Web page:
Tuesday, March 03, 2009

Brad Feld on investment vs. speculation

One of my pet peeves is when people refer to all manner of stock and commodity trading and speculation as "investment" when it is no such thing, so I really appreciated venture capitalist Brad Feld's blog post entitled "Investment vs. Speculation." I mostly agree with him and absolutely agree the we need more attention to investment and less attention on speculation.

My main departure from Brad is that I see investment as not only long-term, but open-ended, whereas speculation can be multi-year but has a target event which will end or "exit" the speculation. Granted, no investment is necessarily "forever and ever", but would normally end only when the "investment thesis" changes or our investment goals change. But with speculation, we may have a price or P/E target in mind upfront that predetermines the decision to end or "exit" the speculation.

In short, in speculation we focus intently on the end or "exit" event, while in true investment we focus on building enterprise value over time, either to achieve dividends on an ongoing basis or to increase market value over time, but with no date or price for "exit" in mind.

In the case of venture capital investment, it is not typically open-ended and usually has a fairly clear end goal or "exit" in mind, such as an IPO or sale of the investment to another business, coupled with a distribution of stock and cash to the investors.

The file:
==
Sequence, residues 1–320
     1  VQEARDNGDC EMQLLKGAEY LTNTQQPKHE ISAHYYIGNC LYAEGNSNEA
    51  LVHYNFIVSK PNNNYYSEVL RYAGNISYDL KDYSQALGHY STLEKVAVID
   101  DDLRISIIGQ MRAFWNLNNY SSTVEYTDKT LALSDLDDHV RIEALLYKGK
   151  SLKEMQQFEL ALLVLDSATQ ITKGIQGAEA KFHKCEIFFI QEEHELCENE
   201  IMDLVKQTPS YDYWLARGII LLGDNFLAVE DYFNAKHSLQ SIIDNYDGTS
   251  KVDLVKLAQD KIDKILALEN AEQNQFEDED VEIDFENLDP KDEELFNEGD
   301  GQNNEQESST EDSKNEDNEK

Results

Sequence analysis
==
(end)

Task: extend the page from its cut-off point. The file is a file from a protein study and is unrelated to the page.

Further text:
Venture capitalists, as the general partners of venture capital limited partnerships, have a fiduciary duty to satisfy the goals of delivering an "exit" so that the limited partners can cash out both their original investment and profit within some fairly well-defined range of years, typically 5-7 years. Granted, that timeframe is well beyond the tolerance or patience of most stock and commodity speculators, but "real" investors might use that as a minimum rather than a maximum timeframe.

Nonetheless, a venture capital investment is clearly relatively long term compared to speculative activity that we see with stocks and commodities.

Another thing about venture capital investments is that they are inherently "speculative" in nature in the sense of having a high degree of risk that the principle invested in an individual company could be completely lost. Most stock investors would never consider investing in a company that is rated in advance as being at such as high risk of a major decline or even "going to zero." I would still consider venture capital as an investment since there is a fairly high tolerance to short-term adverse events of the sort that would cause a garden-variety stock or commodity speculator to immediately hit a "stop loss" and dump their "investment." Unlike stock and commodity speculators, venture investors typically have a role on the board of directors or some other advisory role such that they can help out to significantly mitigate adverse events. The "package" of high potential return and significant technical and managerial expertise of the venture capital general partners give venture capital an acceptable level of risk for the limited partners and result in it being more of an investment than a speculation.

On the other hand, venture investors do have one quality advantage over stock investors: they have very low tolerance for allowing a company to stagnate for long periods of time and are super-motivated to aggressively push company management to "maximize shareholder value."

All of that said, I am glad to hear that someone else is beating the "investment vs. speculation" drum.

-- Jack Krupansky

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